I personally have used HIIT three times a week very effectively, to maximize fat loss and muscle retention on a low carb, low calorie diet.

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HIIT Training Routines

The two biggest differences between the following HIIT training routine guidelines are, the duration ratio of rest intervals to sprint intervals, and the total duration of the sprint intervals.

Rest to sprint ratios vary from 9:1 (lots of rest between sprints) to 3:1 (very little rest between sprints).

Sprint interval durations range from 10 seconds (easiest) to 30 seconds (hardest).

The Beginners Workout – 10 Second Sprints

Here we want to learn the system and condition our body for intense interval training. A couple weeks of beginner training should be enough for any experienced athlete to move on to the intermediate workout. Utilizes a 9:1 ratio of rest to max intensity.

Frequency: 1 HIIT workout per week.
Warm-up: 120 seconds of moderate intensity
Giant-sets: 2
Super-sets per giant-set: 4
Maximal intensity set: 10 seconds
Active rest set: 90 seconds
Recovery set: 240 seconds
Total time to complete 1 giant-set:
[(10s (max) + 90s (rest) ) * 4 (super-sets) + 240s (recovery)] * 2 (giant-set) + 120s (warm-up) = 1400s = 23 minutes 20s

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The Intermediate Workout – 10 Second Sprints

The training intensity required here is quite a bit more than the beginner’s workout. This workout might be enough for many people to get into serious shape without stepping up the intensity again. Serious athletes will look to progress further. Utilizes a 6:1 ratio of rest to max intensity.

Frequency: 2 HIIT workouts per week.
Warm-up: 120 seconds of moderate intensity
Giant-sets: 2
Super-sets per giant-set: 8
Maximal intensity set: 10 seconds
Active rest set: 60 seconds
Recovery set: 180 seconds
Total time to complete 1 giant-set:
[(10s (max) + 60s (rest) ) * 8 (super-sets) + 180s (recovery)] * 2 (giant-sets) + 120s (warm-up) = 1600s = 26 minutes 40s

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The Advanced Workout – 10 Second Sprints

A pretty hardcore HIIT session. The advanced workout utilizes a 3:1 ratio of rest to maximal intensity. With 3 giant sets in 28 minutes, that’s 30 total sprints in a half hour. You are probably looking pretty cut and feeling pretty quick if you make it to this workout.

Frequency: 3 HIIT workouts per week.
Warm-up: 120 seconds of moderate intensity
Giant-sets: 3
Super-sets per giant-set: 10
Maximal intensity set: 10 seconds
Active rest set: 30 seconds
Recovery set: 120 seconds
Total time to complete 1 giant-set:
[(10s (max) + 30s (rest) ) * 10 (super-sets) + 120s (recovery)] * 3 (giant-sets) + 120s (warm-up) = 1680s = 28 minutes

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The Beginners Workout – 20 Second Sprints

Here we want to learn the system and condition our body for intense interval training. Utilizes a 9:1 ratio of rest to max intensity.

Frequency: 1 HIIT workout per week.
Warm-up: 120 seconds of moderate intensity
Giant-sets: 2
Super-sets per giant-set: 2
Maximal intensity set: 20 seconds
Active rest set: 180 seconds
Recovery set: 240 seconds
Total time to complete 1 giant-set:
[(20s (max) + 180s (rest) ) * 2 (super-sets) + 240s (recovery)] * 2 (giant-set) + 120s (warm-up) = 1400s = 23 minutes 20s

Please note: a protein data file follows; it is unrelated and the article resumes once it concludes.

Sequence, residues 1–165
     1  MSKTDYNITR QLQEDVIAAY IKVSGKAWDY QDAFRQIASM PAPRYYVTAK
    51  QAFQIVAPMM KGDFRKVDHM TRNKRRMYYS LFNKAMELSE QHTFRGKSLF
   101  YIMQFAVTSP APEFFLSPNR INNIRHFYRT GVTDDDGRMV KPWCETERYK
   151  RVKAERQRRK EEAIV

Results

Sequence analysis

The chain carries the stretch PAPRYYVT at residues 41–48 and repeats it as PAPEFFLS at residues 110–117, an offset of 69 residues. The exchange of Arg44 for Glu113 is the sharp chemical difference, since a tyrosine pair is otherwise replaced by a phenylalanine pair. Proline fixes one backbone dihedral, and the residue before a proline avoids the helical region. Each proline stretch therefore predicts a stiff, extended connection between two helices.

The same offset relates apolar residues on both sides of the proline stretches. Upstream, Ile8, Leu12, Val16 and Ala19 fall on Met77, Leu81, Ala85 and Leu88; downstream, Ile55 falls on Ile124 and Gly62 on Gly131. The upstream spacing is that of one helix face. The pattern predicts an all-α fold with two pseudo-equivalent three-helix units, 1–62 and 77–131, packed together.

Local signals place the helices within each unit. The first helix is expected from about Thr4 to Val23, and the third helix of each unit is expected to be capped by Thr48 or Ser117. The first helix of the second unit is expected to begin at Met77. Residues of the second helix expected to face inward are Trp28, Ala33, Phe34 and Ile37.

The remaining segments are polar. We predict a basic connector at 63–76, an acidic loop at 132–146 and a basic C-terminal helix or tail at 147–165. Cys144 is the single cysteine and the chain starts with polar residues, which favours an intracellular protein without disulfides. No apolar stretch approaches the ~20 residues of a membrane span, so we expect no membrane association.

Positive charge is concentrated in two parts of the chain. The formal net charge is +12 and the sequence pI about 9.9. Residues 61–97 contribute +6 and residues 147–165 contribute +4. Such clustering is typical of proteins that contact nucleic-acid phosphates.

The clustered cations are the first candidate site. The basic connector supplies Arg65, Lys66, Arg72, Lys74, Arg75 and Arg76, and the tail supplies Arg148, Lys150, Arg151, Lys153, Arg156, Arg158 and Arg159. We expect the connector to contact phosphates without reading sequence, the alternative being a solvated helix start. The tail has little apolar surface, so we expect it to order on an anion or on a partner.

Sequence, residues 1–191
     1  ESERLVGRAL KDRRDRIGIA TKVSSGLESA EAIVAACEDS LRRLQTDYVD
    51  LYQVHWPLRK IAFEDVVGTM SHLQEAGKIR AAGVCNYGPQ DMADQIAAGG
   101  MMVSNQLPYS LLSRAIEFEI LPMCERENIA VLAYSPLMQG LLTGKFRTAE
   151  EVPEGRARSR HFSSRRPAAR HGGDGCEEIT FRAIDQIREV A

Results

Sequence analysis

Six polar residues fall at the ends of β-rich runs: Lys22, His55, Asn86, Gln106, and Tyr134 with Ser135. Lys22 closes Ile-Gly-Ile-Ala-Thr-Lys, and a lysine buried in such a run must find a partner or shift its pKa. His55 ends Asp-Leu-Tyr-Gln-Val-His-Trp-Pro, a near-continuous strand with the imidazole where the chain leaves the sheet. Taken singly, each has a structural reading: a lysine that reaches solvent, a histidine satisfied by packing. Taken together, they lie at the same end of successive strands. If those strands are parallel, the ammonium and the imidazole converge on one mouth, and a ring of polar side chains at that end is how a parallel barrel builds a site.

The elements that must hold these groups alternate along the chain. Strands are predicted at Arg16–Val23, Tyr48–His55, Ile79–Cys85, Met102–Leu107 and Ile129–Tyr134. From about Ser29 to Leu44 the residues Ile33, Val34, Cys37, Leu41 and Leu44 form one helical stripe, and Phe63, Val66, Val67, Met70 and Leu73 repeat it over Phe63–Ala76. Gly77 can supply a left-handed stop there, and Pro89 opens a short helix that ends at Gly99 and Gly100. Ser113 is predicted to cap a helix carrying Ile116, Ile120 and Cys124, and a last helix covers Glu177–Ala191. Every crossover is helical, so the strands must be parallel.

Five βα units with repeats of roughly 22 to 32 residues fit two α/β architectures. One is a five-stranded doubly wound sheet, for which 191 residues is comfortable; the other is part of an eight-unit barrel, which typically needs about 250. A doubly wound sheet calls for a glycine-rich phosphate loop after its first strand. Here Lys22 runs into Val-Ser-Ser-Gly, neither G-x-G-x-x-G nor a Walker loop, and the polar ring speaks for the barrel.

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The Intermediate Workout – 20 Second Sprints

The training intensity required here is quite a bit more than the beginner’s workout. Utilizes a 6:1 ratio of rest to max intensity.

Frequency: 2 HIIT workouts per week.
Warm-up: 120 seconds of moderate intensity
Giant-sets: 2
Super-sets per giant-set: 4
Maximal intensity set: 20 seconds
Active rest set: 120 seconds
Recovery set: 180 seconds
Total time to complete 1 giant-set:
[(20s (max) + 120s (rest) ) * 4 (super-sets) + 180s (recovery)] * 2 (giant-sets) + 120s (warm-up) = 1600s = 26 minutes 40s

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The Advanced Workout – 20 Second Sprints

A very hardcore HIIT session. This advanced workout utilizes a 3:1 ratio of rest to maximal intensity. 15 sprints for a total of 300 seconds of sprinting.

Frequency: 3 HIIT workouts per week.
Warm-up: 120 seconds of moderate intensity
Giant-sets: 3
Super-sets per giant-set: 5
Maximal intensity set: 20 seconds
Active rest set: 60 seconds
Recovery set: 120 seconds
Total time to complete 1 giant-set:
[(20s (max) + 60s (rest) ) * 5 (super-sets) + 120s (recovery)] * 3 (giant-sets) + 120s (warm-up) = 1680s = 28 minutes

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The Beginners Workout – 30 Second Sprints

Here we want to learn the system and condition our body for intense interval training. Utilizes a 9:1 ratio of rest to max intensity.

With this 30 second sprint protocol, we are reducing the recovery set significantly due to the length of active rest.

Frequency: 1 HIIT workout per week.
Warm-up: 120 seconds of moderate intensity
Giant-sets: 2
Super-sets per giant-set: 2
Maximal intensity set: 30 seconds
Active rest set: 270 seconds
Recovery set: 60 seconds
Total time to complete 1 giant-set:
[(30s (max) + 270s (rest) ) * 2 (super-sets) + 60s (recovery)] * 2 (giant-set) + 120s (warm-up) = 1440s = 24 minutes

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The Intermediate Workout – 30 Second Sprints

The training intensity required here is quite a bit more than the beginner’s workout. Utilizes a 6:1 ratio of rest to max intensity.

With this 30 second sprint protocol, we are reducing the recovery set slightly due to the length of active rest.

Frequency: 2 HIIT workouts per week.
Warm-up: 120 seconds of moderate intensity
Giant-sets: 2
Super-sets per giant-set: 3
Maximal intensity set: 30 seconds
Active rest set: 180 seconds
Recovery set: 120 seconds
Total time to complete 1 giant-set:
[(30s (max) + 180s (rest) ) * 3 (super-sets) + 120s (recovery)] * 2 (giant-sets) + 120s (warm-up) = 1620s = 27 minutes

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The Advanced Workout – 30 Second Sprints

A severely hardcore HIIT session. The advanced workout utilizes a 3:1 ratio of rest to maximal intensity. Only 12 sprints, but 360 seconds of sprinting.

With this 30 second sprint protocol, we are reducing the recovery set slightly due to the length of active rest.

Frequency: 3 HIIT workouts per week.